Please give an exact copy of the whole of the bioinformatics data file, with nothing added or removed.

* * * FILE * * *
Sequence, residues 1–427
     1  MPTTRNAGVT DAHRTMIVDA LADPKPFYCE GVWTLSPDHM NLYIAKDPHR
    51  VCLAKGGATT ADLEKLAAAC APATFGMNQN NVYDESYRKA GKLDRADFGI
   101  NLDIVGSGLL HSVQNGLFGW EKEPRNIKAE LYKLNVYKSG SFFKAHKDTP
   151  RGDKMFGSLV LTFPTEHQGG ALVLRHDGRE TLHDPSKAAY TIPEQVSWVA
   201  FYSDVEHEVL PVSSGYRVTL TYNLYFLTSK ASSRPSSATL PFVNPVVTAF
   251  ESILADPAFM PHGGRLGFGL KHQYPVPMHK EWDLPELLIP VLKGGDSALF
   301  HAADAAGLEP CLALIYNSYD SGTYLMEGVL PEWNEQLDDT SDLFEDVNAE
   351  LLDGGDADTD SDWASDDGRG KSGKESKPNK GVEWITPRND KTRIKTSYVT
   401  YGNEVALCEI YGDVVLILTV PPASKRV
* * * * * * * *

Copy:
Sequence, residues 1–427
     1  MPTTRNAGVT DAHRTMIVDA LADPKPFYCE GVWTLSPDHM NLYIAKDPHR
    51  VCLAKGGATT ADLEKLAAAC APATFGMNQN NVYDESYRKA GKLDRADFGI
   101  NLDIVGSGLL HSVQNGLFGW EKEPRNIKAE LYKLNVYKSG SFFKAHKDTP
   151  RGDKMFGSLV LTFPTEHQGG ALVLRHDGRE TLHDPSKAAY TIPEQVSWVA
   201  FYSDVEHEVL PVSSGYRVTL TYNLYFLTSK ASSRPSSATL PFVNPVVTAF
   251  ESILADPAFM PHGGRLGFGL KHQYPVPMHK EWDLPELLIP VLKGGDSALF
   301  HAADAAGLEP CLALIYNSYD SGTYLMEGVL PEWNEQLDDT SDLFEDVNAE
   351  LLDGGDADTD SDWASDDGRG KSGKESKPNK GVEWITPRND KTRIKTSYVT
   401  YGNEVALCEI YGDVVLILTV PPASKRV